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The research needs of the UK’s indigenous languages

Michelle Macleod and Dawn Leslie | June 2023 | Dialogues


The UK is a multilingual state and among the languages used daily are its indigenous languages. Based on online estimates of speaker numbers, there could be as many as 2.7 million users of indigenous languages in the UK (around 4% of the population). In 2000, acknowledging the special place of its indigenous languages, the UK government signed the European Charter for Regional or Minority Languages. In addition to the European Charter, there are various legislative apparatuses both at UK level and in the devolved nations which commit government and government agencies to supporting these languages through intervention measures. As part of its Future of Language Research call (2021), the Arts and Humanities Research Council sought to identify the research needs of indigenous languages stakeholders and government departments to inform future possible investment in languages research.

This paper, therefore, considers the research needs and practices of government agencies and other stakeholder organisations to support successful language policy and intervention; these are contextualised alongside Higher Education (HE) research in the related fields. We indicate some perceived challenges around meeting the research needs and consider how the HE sector could potentially better support these. The languages considered in this research are: British Sign Language (BSL), Cornish, Gaelic, Irish, Manx, Scots, Ulster Scots and Welsh.

Data for the research were drawn from:

  • an analysis of existing research reports published by government departments and languages stakeholders.

  • 18 interviews with representatives from devolved and local government with responsibility for language policy; language in education policy practitioners; language board executive staff; and state-sponsored minority language media representatives (referred to here as Group A).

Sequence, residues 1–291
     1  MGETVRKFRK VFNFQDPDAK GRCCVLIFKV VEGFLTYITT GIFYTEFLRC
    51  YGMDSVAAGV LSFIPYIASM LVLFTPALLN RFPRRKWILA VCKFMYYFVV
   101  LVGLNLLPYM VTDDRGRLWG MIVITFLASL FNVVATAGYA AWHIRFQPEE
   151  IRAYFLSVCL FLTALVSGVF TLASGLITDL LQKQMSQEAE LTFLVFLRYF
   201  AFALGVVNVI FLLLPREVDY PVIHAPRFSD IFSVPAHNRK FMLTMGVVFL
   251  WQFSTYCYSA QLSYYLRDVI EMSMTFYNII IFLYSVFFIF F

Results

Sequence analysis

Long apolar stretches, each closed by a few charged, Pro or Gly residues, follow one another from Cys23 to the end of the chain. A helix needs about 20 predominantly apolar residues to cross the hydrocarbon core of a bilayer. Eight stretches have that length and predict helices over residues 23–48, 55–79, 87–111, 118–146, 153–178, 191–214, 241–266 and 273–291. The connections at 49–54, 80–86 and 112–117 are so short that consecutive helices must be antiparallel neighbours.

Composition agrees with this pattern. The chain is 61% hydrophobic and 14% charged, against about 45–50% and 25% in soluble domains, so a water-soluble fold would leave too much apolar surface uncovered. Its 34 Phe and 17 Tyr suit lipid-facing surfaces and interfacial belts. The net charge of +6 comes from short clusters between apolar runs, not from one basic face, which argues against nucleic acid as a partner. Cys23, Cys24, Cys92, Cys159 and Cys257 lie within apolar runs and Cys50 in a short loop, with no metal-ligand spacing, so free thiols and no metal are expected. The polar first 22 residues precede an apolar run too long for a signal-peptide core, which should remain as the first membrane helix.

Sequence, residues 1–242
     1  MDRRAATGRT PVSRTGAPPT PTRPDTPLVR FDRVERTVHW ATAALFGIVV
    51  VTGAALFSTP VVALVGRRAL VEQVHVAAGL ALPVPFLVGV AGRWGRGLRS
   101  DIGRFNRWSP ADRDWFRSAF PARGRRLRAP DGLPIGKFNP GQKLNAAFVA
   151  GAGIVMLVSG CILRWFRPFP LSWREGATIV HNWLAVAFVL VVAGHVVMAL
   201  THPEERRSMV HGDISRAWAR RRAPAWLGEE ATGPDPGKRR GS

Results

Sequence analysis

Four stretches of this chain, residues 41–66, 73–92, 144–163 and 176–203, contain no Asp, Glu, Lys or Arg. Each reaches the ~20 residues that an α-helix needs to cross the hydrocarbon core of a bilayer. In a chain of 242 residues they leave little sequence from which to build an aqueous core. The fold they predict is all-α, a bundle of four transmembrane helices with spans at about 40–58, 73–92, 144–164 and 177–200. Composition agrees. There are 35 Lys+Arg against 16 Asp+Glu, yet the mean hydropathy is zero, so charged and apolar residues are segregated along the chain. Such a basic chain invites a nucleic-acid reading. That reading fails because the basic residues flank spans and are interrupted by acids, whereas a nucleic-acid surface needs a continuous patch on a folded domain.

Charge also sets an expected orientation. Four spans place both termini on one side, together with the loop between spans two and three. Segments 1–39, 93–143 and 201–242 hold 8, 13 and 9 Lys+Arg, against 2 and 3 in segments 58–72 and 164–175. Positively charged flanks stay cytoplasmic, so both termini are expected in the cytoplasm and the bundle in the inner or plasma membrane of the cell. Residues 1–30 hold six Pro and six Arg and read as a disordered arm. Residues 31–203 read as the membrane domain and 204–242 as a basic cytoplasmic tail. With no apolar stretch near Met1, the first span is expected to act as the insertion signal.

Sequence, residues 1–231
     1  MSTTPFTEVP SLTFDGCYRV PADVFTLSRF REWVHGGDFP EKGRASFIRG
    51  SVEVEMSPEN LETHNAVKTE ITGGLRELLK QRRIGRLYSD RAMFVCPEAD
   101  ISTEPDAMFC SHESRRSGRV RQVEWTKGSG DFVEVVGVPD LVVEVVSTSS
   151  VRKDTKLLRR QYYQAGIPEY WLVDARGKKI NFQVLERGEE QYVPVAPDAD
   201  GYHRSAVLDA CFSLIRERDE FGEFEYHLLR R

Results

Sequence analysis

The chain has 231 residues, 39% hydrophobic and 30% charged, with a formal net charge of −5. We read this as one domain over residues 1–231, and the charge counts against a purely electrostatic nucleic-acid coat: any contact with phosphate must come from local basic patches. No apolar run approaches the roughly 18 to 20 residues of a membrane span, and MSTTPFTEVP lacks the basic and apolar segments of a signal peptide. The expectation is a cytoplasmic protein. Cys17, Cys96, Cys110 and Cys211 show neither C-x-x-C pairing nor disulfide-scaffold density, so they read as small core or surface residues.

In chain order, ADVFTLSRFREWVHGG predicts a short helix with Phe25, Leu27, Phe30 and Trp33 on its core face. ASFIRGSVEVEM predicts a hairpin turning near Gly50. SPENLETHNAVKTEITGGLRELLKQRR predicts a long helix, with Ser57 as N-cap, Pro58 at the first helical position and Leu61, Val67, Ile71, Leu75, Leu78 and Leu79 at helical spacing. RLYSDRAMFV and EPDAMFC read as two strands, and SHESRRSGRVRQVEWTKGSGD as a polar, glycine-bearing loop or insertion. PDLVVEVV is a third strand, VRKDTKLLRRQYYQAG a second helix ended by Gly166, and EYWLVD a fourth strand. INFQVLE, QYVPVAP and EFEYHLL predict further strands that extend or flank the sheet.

• an online survey of smaller language organisations and of organisations for whom language was not necessarily the primary focus but who have some working remit with at least one of the UK’s indigenous languages (referred to here as Group B); 29 responses were analysed.

  • interviews with 10 senior academics.

Previous stakeholder research themes

From 37 publicly available online research reports produced or commissioned in the last 10 years externally to the HE setting, we were able to ascertain that the most commonly explored themes were as follows:

  • language in education and language learning outside the education environment (both in the home and in other non-formal settings).

  • language usage: how language use can be promoted within specific areas, including in the field of ‘business’ and ‘consumerism’.

  • language planning and policy: generally reporting on the implementation of various language strategies and their effectiveness.

  • the media.

  • the visibility of language X: studies of this nature are also largely about language status.

Conducting research outside the HE Sector

Two-thirds of Group B reported that they had engaged in some type of research in the past. A clear preference was indicated for commissioning research from independent consultants. The primary motivation given for conducting research was to gather evidence to allow the implementation of particular projects to be measured and to guide policy. A third of Group B reported that they were not (and had not previously) engaged in research; this cross-section is comprised of organisations focused on BSL, Cornish, Manx, and Ulster Scots — arguably among the most minoritised of the language groups surveyed.

The main challenges facing both research-active and research-aspirational organisations were lack of budget and lack of personnel. Across the relevant Group B organisations, average yearly research budgets spent on each piece of research commissioned were low: overall budgets are less than £5k for the majority and no more than £100k for better-funded outfits. No Group B organisation reported any individual project costing more than £20k. Lack of personnel was cited as the leading preventative factor for not currently engaging in research. For research-active Group B organisations, the majority reported that research is carried out by someone for whom it is only part of their role.